In the beginning there was… Moms Mabley

“In Ms. Carroll’s day, the world of stand-up comedy was thought to be no fit place for a woman. There were female entertainers before her, of course, but few specialized in the solo nightclub acts for which Ms. Carroll became famous…. Perhaps only [Brevard native] Moms Mabley, who began performing solo comedy routines in the 1910s, can be considered Ms. Carroll’s true predecessor. But because of her race, Ms. Mabley was confined for much of her career to the network of black vaudeville houses familiarly known as the chitlin circuit, playing to wider audiences only late in life.”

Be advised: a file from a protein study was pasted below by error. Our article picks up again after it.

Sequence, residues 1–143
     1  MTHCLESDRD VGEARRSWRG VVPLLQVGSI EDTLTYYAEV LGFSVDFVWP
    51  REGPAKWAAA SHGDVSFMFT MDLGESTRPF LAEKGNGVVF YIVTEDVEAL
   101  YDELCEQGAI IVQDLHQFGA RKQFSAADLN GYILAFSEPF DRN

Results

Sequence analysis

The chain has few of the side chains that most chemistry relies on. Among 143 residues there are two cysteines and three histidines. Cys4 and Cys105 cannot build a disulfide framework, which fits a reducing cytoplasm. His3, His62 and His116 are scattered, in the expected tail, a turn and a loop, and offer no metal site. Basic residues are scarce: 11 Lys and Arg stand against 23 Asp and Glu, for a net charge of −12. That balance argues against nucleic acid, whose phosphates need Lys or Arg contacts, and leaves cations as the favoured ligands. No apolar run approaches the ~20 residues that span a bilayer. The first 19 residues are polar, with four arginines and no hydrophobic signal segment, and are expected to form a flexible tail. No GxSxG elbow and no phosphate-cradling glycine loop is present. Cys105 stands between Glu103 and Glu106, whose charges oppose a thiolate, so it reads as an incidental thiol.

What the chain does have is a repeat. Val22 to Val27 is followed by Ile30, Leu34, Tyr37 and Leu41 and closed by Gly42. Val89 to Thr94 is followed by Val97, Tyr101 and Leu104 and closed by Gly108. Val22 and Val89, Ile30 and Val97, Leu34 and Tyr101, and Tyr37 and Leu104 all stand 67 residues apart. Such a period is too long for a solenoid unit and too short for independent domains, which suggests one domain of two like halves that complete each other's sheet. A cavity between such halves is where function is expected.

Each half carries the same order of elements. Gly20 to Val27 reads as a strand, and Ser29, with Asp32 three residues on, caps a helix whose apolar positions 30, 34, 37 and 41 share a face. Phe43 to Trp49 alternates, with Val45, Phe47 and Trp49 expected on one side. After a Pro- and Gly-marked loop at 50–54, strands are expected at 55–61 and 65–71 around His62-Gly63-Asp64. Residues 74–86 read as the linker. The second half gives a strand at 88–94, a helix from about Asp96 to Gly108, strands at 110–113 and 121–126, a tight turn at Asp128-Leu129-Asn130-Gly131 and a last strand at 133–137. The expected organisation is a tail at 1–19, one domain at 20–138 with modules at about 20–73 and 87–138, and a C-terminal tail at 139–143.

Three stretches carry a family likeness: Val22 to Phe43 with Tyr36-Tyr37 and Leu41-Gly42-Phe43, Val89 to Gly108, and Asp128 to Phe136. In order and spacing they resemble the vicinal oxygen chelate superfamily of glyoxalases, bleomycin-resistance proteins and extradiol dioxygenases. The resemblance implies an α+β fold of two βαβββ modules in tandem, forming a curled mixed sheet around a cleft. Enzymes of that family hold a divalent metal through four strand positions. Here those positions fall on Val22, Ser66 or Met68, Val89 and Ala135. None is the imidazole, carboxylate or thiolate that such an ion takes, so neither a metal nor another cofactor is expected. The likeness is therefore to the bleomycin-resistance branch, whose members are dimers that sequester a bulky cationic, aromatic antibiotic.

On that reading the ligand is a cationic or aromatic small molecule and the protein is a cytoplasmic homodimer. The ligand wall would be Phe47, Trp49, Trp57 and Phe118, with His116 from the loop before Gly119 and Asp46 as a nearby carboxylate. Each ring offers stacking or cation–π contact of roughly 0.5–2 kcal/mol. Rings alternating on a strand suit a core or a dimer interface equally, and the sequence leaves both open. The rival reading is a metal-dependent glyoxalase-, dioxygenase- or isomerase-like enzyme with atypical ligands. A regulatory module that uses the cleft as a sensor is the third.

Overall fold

— From a New York Times obituary of Jean Carroll, who died New Year’s Day at age 98 in White Plains, N.Y.

Careful, Mrs. Dare, watch out for that se —

“The small park at Fort Raleigh is … a mecca for amateur sleuths — and kooks. ‘We get 350,000 visitors a year, and almost as many theories,’ said a ranger at the park’s visitor center. ‘Aliens picked up the colonists and deposited them on Atlantis — that’s a popular theory. You get others who talk about transdimensional time warp and how the colonists went through a secret doorway.’ The ranger shrugged. ‘I tell them, “Yeah, we lose a lot people that way.” ‘ ”

— From “A Voyage Long and Strange: Rediscovering the New World” by Tony Horwitz (2008)